Federal Judge Rules That the Fair Housing Act Protects LGBTQ People

Rachel (L) and Tonya Smith, who sued a landlord under the Fair Housing Act after she refused to rent a unit to them due to sex stereotyping.

Lambda Legal

On Wednesday, just one day after the 7th Circuit U.S. Court of Appeals held that Title VII of the Civil Rights Act bars anti-gay employment discrimination, a federal court found that the Fair Housing Act also protects LGBTQ people. In a concise ruling, U.S. District Judge Raymond P. Moore concluded that the FHA’s ban on sex discrimination prohibited discrimination against a same-sex couple, one of whom is trans. His decision marks the first time a federal court has applied the FHA to anti-LGBTQ discrimination.

The facts behind Wednesday’s ruling are both uncontested. Tonya and Rachel Smith wished to rent a Colorado townhouse owned by Deepika Avanti because their landlord had decided to sell the home they were renting. The Smiths are married with two children; Rachel is transgender. After meeting with the couple, Avanti explained that she and her husband “kept a low profile,” which might be jeopardized by the Smiths’ “unique relationship.” She was also worried about the Smiths’ children and “noise.” Avanti noted that she consulted with a “psychic friend” who “has a transvestite friend herself.” She ultimately refused to rent the townhouse to the Smiths, but continued offering it to other potential renters. The Smiths then spent month trying to obtain adequate housing, finally settling for a subpar apartment out of necessity.

Recognizing that they were victims of bias, the Smiths sued under the FHA and the Colorado Anti-Discrimination Act. Although the FHA does not explicitly prohibit anti-LGBTQ discrimination, it does, like Title VII, bar “discrimination based on sex.” The 10th Circuit U.S. Court of Appeals, which includes Colorado, has established precedent holding that anti-gay and anti-trans do not always qualify as sex discrimination. But that, Moore noted in his ruling, doesn’t end the inquiry, because sex discrimination includes sex stereotyping—the perceived failure to conform to gender norms. As Moore explained:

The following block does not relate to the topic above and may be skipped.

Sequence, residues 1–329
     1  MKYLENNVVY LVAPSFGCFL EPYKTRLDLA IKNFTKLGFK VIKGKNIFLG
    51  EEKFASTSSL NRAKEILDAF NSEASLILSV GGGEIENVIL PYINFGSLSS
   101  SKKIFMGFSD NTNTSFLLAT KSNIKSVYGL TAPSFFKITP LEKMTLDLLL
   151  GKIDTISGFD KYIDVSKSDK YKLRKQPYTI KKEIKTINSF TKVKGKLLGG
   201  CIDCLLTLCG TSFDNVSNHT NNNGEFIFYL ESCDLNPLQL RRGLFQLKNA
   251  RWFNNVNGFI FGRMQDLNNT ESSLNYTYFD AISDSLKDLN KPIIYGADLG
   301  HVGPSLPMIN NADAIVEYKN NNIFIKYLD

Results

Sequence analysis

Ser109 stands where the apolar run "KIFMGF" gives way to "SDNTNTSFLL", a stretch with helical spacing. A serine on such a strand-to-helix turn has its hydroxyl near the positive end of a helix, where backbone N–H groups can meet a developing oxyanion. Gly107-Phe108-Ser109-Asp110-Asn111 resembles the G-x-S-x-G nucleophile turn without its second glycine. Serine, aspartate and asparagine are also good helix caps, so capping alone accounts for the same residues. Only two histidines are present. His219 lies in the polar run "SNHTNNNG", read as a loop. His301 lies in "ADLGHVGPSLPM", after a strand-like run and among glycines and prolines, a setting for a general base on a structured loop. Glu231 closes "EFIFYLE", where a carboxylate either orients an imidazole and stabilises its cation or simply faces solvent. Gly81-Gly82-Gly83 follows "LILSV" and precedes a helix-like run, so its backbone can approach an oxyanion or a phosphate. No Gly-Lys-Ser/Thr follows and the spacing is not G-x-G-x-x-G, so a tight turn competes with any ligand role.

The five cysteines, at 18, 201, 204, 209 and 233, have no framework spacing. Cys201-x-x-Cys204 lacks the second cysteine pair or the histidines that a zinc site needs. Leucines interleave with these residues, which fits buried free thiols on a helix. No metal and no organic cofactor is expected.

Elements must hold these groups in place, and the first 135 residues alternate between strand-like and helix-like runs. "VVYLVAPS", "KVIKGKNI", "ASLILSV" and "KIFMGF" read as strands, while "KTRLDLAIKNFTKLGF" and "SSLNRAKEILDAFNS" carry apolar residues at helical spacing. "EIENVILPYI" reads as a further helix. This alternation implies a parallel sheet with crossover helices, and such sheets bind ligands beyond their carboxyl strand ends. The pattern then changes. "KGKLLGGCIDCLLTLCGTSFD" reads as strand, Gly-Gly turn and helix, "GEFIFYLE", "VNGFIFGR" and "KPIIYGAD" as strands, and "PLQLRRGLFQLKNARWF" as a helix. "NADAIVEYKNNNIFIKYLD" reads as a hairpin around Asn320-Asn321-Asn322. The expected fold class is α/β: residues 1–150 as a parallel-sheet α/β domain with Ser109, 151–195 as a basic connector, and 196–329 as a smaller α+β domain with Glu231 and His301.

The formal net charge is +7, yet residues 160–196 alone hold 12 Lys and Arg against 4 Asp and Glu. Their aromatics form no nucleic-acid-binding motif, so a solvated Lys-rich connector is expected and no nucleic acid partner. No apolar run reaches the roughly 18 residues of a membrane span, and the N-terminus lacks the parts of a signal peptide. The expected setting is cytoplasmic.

In this case the Smiths contend that discrimination against women (like them) for failure to conform to stereotype norms concerning to or with whom a woman should be attracted, should marry, and/or should have children is discrimination on the basis of sex under the FHA. The Court agrees. Such stereotypical norms are no different from other stereotypes associated with women, such as the way she should dress or act (e.g., that a woman should not be overly aggressive, or should not act macho), and are products of sex stereotyping.

Turning to the issue of Rachel Smith’s transgender Status, Moore wrote:

The Smiths also contend that discrimination against a transgender (here, Rachel) because of her gender-nonconformity is sex discrimination. In other words, that discrimination based on applying gender stereotypes to someone who was assigned a certain sex (here, male) at birth, constitutes discrimination based on sex. To the extent the Smiths contend that discrimination against Rachel because she does not conform to gender norms of a male, e.g., does not act or dress like the stereotypical notions of a male, the Court agrees.

Thus, Moore ruled in favor of the Smiths’ sex discrimination claim under the FHA. He also ruled for the Smiths on a smattering of related claims, including discrimination based on familial status under the FHA, as well as discrimination based on sex, sexual orientation, and familial status under the Colorado Anti-Discrimination Act.

Moore’s ruling reflects a growing consensus in the federal judiciary that it is impossible to distinguish between sex stereotyping and anti-LGBTQ discrimination. For years, courts attempted to construct a barrier between the two—leading to absurd rulings that, for instance, an effeminate gay man could sue for sex discrimination, but not a traditionally masculine gay man. Moore, like many other judges, simply recognized the indefensibility of this distinction. Sexual orientation discrimination represents hostility toward an individual’s failure to conform to the ultimate gender stereotype—an expectation that they only date the opposite sex. Similarly, anti-trans discrimination always involves animus toward an individual for failing to conform to the sex they were assigned at birth. Both instances constitute a clear case of sex stereotyping.

I asked Omar Gonzalez-Pagan, a Lambda attorney who represented the Smiths, what he made of Wednesday’s ruling. He noted that housing discrimination is a “pervasive problem for LGBT people”—though it is also underreported. Now, however, “for the first time, a federal court has ruled that the Fair Housing Act’s sex discrimination prohibition applies to discrimination based on stereotypes about sexual orientation and gender identity.”

“This ruling coupled with yesterday’s historic decision by the 7th Circuit demonstrates that LGBT people are protected by our federal civil rights laws,” Gonzalez-Pagan continued, “whether it pertains to housing, education, health care, or employment. Our message is clear and simple: Discrimination against LGBT people is unlawful under federal law.”

The courts are hearing that message. And they are finding it very difficult to disagree with.